What to do if you experience a cardiac arrest?

Most victims of cardiac arrest can recover if they receive treatment within a few minutes. Make an emergency medical care call at 911 first. If an automatic external defibrillator is available, then get one and utilize it as soon as it is delivered. CPR should be started right away and continued until emergency medical personnel arrive. If there are two individuals available to assist, one should start CPR right away while the other dials 911 and locates an AED. Over 320,000 cardiac arrests outside of hospitals happen each year in the United States, making sudden cardiac arrest one of the top causes of mortality.

 

How To Avoid Heart Diseases?

By leading a heart-healthy lifestyle, you can stave off heart disease. Here are some tips to keep your heart safe. 

 

Avoid smoking or consuming tobacco

The heart and blood arteries can be harmed by the chemicals in cigarettes. Because the heart needs to work harder to pump adequate oxygen to the body and brain, smoking causes the blood's oxygen content to decrease, which raises blood pressure and heart rate.

 

Eat a balanced and healthy diet

A nutritious diet can lower the risk of type 2 diabetes, lower blood pressure and cholesterol, and protect the heart. An eating regimen for heart health includes fruits and vegetables, legumes, beans, lean meat, whole grains, fish, low-fat or fat-free dairy products, olive oil, etc. You can incorporate these foods by following healthy recipes and making your own food instead of opting for takeaway. Don't overindulge in the following:

  • Processed carbs, salt, and sugar
  • Alcohol
  • Trans fat and saturated fat are both present in red meat and full-fat dairy products (found in fried fast food, chips, and baked goods)

 

Keep a healthy weight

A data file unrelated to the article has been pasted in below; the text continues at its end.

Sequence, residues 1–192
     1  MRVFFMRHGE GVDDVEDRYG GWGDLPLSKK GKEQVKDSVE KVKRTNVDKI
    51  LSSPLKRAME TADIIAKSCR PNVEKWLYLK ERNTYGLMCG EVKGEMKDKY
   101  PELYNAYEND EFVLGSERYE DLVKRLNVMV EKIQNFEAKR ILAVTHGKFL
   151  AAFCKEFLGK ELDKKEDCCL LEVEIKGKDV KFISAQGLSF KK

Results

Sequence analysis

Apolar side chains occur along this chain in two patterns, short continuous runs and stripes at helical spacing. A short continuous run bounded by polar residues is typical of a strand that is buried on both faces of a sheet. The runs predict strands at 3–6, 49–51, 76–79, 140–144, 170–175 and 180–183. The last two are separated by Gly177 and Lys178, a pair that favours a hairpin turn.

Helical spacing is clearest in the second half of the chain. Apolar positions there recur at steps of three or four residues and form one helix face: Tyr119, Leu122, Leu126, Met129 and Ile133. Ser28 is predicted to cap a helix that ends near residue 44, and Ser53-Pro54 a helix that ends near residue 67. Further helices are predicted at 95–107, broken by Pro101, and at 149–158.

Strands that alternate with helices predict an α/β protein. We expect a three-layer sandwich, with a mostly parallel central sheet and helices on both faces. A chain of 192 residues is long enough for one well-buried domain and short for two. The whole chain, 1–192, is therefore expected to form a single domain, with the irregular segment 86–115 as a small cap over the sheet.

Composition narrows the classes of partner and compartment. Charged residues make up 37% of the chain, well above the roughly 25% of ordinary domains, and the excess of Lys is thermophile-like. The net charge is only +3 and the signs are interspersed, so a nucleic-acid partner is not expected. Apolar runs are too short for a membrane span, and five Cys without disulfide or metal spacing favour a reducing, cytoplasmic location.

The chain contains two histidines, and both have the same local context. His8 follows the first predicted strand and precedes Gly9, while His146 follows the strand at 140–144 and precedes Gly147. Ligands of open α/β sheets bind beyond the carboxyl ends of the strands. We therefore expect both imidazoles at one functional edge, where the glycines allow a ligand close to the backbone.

The risk of heart disease rises with weight gain, particularly in the midsection of the body. High blood pressure, high cholesterol, and type 2 diabetes are just a few problems that can be brought on by being overweight and raising the risk of getting heart disease. Overweight is defined as having a BMI of 25 or greater and is typically linked to higher blood pressure, cholesterol, and a higher risk of heart disease and stroke. Even a small weight loss of 3 to 5 percent will help lower blood lipids, glucose levels, and the risk of developing type 2 diabetes. Even additional weight loss aids in lowering blood pressure and cholesterol levels. 

 

Get enough sleep

Lack of sleep increases the risk of obesity, high blood pressure, heart attacks, diabetes, and depression in individuals. Adults typically require at least seven hours of sleep per night. Make getting enough sleep a top priority. By going to bed and waking up at the same time every day, you can create and adhere to a sleep routine. Make sure your bedroom is quiet and dark, so it's simpler to fall asleep. 

 

Exercise and Manage Stress

Regular exercise can reduce the risk of developing heart disease. Your weight can be controlled by exercise. Additionally, it lowers the likelihood of acquiring additional illnesses, including high blood pressure, high cholesterol, and type 2 diabetes that could strain the heart. Some people use harmful coping mechanisms to deal with stress, such as binge eating, drinking excessively, or smoking. Your health can be enhanced by finding more effective stress-reduction techniques, such as exercise, relaxation techniques, or meditation.

 

Conclusion

Thus, we can conclude that there is a difference between a heart attack and a cardiac arrest. A heart attack occurs when the blood supply to part of the heart stops and thus causes a section of the heart muscle to begin to die; whereas a cardiac arrest occurs when the heart stops beating as a whole. There are various symptoms of a heart attack. In contrast, the main symptoms of a cardiac arrest are unconsciousness, lack of breathing, and no pulse. Finally, there are many different causes of cardiac arrest; whereas the main cause of a heart attack is coronary heart disease. Follow Cured.com for more articles on health and lifestyle.